Tegan, I'm sorry that you are a widow. It must be really hard<br />
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I find that its just as hard that the person you love 'can' be spending time with you but they're not because their passion is elsewhere. I am dating a chef and she is working on owning her own restaurant. I can see the ambition in her eyes and I can hear it in her voice. She wont put anything above that and she knows shes going to devote many hours to the job because she says she wont be able to trust all her workers right away. <br />
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othermail - you say that you should communicate your loneliness before it snowballs.... how do you do it and what do you say? You know that they cannot or will not commit more time to you because of their job. <br />
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I don't particularly enjoy fine dining and I almost always do the home cooking for her. I know she can be the sweestest girl but it can almost seem like shes married to her job and I'm just an affair. I dont want to find things to do with my time. I have hobbies, interests and friends, but more than anything, I want a family that can be happy and together. I want a partner that I can love and we can be there for each other. I will put my career on hold for her but I know she wont for me. I don't want to just 'live with it' ... I am losing my motivation to continue .....

(Sorry this is long!) My situation is pretty similar to yours actually. We are not married but I've been dating my chef for a little bit over one year now. He recently got a promotion from sours chef to chef partner which entailed him needing to relocate to a new store - on the other side of the country.<br />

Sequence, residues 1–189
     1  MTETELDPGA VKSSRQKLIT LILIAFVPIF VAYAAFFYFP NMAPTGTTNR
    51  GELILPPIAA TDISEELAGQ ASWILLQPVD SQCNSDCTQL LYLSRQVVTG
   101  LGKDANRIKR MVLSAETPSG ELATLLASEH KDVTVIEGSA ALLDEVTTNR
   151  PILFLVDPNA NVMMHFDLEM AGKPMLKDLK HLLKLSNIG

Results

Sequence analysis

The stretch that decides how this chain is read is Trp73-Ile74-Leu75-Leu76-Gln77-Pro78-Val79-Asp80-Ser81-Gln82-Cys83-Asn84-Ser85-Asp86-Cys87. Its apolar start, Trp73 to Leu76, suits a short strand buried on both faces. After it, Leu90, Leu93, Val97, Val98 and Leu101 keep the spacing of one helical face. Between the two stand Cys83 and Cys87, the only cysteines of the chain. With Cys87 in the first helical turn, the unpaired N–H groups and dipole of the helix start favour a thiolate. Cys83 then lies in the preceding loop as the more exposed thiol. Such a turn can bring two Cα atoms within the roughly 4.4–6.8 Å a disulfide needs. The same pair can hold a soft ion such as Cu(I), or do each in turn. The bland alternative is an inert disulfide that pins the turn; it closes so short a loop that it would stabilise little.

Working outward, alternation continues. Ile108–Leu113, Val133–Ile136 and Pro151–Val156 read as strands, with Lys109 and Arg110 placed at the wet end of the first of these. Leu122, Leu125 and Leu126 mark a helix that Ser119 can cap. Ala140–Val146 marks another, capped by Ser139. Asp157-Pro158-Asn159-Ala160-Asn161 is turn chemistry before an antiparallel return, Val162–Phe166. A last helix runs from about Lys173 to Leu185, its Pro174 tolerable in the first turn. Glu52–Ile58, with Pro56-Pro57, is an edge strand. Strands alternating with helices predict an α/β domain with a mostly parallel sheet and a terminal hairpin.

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Anyway, early in our relationship we realized that we had found our 'other half'. So when this opportunity came up he immediately asked that I move with him on this next step in his life. Since we had only been dating about 7 mos at this point it was a major decision but I knew in my heart that if I didn't go with him I'd regret it for the rest of my life. <br />
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Because I got used him working sous chef hours I've actually learned to enjoy the more steady schedule he has as a chef partner - I actually get to see him more! And by more I mean he doesn't have to close so he can get home around 9 or 10 at night. My work however has changed dramatically, I went from working in a busy city filled with amazing co-workers to working from home 9-5 alone. <br />